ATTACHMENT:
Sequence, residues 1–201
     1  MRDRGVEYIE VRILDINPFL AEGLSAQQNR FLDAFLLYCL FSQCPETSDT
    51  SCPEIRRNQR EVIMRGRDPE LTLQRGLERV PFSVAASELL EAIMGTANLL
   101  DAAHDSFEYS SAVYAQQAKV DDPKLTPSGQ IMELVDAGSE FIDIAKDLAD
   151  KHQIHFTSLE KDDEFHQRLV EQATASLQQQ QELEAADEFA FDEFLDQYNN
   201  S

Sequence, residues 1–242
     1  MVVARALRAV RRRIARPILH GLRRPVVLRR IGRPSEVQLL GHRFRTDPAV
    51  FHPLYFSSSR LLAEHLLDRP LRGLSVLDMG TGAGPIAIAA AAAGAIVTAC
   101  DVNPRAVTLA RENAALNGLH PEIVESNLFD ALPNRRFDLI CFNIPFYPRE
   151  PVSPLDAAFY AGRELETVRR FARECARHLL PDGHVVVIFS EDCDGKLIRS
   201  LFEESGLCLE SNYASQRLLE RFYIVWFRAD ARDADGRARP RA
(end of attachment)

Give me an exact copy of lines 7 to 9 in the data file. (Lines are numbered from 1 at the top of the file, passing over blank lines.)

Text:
Sequence, residues 1–242
     1  MVVARALRAV RRRIARPILH GLRRPVVLRR IGRPSEVQLL GHRFRTDPAV
    51  FHPLYFSSSR LLAEHLLDRP LRGLSVLDMG TGAGPIAIAA AAAGAIVTAC